Attention, party animals: Hold the corks and confetti. New Year's Day 2006 will be delayed.
The Bureau International des Poids et Mesures in Paris has decreed that one "leap second" will be added to the last minute of this December.
The reprieve for the old year will be brief, but enough to give the Earth a chance to spin a bit longer and catch up with humanity's relentlessly exact atomic clocks.
Without leap seconds every now and then, high noon would eventually slip to tea time, or even midnight by the clock.
For those keeping score, this is the 23rd leap second inserted into the calendar since the international system of Coordinated Universal Time was adopted in 1972.
But it's the first leap second since Dec. 31, 1998. As a result, a growing number of industries that now rely on super-precise timekeeping will have to rejigger their clocks for the first time. Many are not happy about it.
"People like that really don't like the leap second that much. They have to insert it and tell their end users it has occurred," said Geoff Chester, spokesman for the U.S. Naval Observatory. And that's why the folks in Paris have given them a six-month heads-up.
The Global Positioning System, for example, can't add a second without throwing off navigators who use the satellite system in everything from ocean liners to cell phones.
That's why GPS time, which began Jan. 6, 1980, now runs 13 seconds ahead of clock time. GPS gadgets already adjust so that users see their true local time displayed. Now they'll have to adjust again.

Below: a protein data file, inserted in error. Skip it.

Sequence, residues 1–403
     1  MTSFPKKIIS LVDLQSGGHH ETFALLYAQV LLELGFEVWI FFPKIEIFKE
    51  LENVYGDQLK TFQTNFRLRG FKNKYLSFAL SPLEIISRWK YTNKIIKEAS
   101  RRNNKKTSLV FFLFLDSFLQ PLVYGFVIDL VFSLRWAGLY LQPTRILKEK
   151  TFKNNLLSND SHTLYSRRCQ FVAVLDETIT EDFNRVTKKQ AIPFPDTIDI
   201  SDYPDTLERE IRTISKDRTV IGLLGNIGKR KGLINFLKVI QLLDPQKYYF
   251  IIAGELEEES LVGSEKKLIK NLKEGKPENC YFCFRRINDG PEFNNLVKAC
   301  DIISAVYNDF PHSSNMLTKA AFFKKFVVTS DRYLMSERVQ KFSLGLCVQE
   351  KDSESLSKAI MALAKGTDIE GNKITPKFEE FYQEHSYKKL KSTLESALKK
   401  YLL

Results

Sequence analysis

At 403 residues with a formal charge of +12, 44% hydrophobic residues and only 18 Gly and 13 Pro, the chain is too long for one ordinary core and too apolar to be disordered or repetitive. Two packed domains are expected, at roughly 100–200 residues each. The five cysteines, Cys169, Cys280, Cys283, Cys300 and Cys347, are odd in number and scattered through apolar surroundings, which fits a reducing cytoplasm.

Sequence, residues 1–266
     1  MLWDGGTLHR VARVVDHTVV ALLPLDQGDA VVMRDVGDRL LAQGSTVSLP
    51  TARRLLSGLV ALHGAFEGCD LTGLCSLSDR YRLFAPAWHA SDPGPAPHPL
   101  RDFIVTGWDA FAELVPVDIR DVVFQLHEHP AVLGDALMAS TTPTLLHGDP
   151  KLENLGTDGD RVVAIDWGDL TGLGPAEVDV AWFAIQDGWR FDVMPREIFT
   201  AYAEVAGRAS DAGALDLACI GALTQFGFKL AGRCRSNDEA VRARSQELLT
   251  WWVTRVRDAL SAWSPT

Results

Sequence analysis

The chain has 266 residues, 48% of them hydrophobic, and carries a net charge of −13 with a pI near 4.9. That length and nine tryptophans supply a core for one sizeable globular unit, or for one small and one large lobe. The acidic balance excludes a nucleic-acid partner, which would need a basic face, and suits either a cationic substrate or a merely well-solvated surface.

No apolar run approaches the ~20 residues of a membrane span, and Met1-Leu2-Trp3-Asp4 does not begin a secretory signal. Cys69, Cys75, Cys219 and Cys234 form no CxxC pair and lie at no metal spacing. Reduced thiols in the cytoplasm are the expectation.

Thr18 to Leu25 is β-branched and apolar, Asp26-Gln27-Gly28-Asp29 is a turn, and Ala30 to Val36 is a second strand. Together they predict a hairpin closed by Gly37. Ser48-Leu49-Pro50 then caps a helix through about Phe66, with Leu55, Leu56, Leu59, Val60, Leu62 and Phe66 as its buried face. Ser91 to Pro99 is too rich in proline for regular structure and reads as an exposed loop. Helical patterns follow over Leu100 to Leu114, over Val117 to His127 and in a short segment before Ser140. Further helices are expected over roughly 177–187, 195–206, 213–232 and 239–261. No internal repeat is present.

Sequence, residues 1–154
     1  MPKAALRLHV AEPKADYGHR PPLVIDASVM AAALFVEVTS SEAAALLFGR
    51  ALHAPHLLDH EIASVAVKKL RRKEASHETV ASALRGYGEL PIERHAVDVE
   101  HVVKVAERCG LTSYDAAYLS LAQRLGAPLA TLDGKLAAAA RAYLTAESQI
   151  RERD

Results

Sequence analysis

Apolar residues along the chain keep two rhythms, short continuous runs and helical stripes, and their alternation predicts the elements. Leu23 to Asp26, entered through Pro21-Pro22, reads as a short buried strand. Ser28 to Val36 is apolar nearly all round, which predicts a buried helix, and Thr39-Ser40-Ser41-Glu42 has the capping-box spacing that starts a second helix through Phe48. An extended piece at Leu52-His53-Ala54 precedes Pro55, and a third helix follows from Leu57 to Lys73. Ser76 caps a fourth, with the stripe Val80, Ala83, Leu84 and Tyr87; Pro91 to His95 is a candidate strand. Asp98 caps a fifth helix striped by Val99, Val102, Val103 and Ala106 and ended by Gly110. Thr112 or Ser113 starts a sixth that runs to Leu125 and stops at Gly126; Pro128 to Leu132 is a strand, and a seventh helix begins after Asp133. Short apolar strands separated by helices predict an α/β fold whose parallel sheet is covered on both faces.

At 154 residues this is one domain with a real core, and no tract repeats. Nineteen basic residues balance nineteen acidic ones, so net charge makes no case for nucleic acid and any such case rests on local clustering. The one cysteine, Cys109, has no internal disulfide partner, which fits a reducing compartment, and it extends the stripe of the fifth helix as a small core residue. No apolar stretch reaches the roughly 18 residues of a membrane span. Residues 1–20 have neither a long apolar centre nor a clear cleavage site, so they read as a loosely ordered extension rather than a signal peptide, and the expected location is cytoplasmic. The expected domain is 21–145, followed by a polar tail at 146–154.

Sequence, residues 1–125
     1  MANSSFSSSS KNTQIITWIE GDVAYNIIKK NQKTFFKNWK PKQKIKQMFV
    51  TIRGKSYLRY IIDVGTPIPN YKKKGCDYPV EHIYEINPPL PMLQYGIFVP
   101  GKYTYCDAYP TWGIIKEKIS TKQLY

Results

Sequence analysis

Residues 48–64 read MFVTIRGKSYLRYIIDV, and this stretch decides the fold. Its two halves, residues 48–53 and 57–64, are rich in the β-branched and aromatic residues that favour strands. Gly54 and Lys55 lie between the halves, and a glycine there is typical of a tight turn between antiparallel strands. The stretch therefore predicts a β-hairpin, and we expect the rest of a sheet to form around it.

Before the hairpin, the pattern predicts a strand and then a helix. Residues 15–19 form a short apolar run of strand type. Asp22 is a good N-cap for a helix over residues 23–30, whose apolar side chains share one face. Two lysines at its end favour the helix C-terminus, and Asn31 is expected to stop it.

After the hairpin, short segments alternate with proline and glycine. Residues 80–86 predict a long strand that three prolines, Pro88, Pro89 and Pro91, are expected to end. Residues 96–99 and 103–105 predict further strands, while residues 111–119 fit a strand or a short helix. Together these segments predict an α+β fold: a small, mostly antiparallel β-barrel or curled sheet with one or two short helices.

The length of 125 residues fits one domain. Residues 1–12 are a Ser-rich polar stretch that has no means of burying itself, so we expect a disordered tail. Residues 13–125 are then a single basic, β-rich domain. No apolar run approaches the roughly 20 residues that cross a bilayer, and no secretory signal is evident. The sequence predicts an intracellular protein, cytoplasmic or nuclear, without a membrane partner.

Timekeepers around the world would love to break this cycle. But the only likely alternative is letting the leap seconds pile up for a while. For example, we could wait for the Earth to fall 60 seconds behind our atomic clocks. Then we could add a "leap minute" to set things right after 50 years or so.
"The hope is that 50 years from now, somebody smarter will find a better way to do it," Chester said.
The problem is not new. As our ability to measure time and the Earth's rotation has improved, we have struggled to keep them in step. "We like noon to occur when the sun is highest in the sky," Chester said. "The problem is: The Earth's rotation is not constant."
And that makes it a poor clock.
For centuries, the second was defined as one-86,400th of a solar day. When that proved too unreliable (in 1956), it was redefined more accurately as one-31,556,925.9747th of the time it took the center of gravity between the Earth and the moon to circle the sun.
But even that proved inadequate. In 1972, the international community threw in the astronomical towel and switched to atomic clocks. Now a second is defined as the duration of 9,192,631,770 oscillations of the electrons in cesium 133 atoms. "This is the most precise and stable frequency we can currently routinely maintain," Chester said.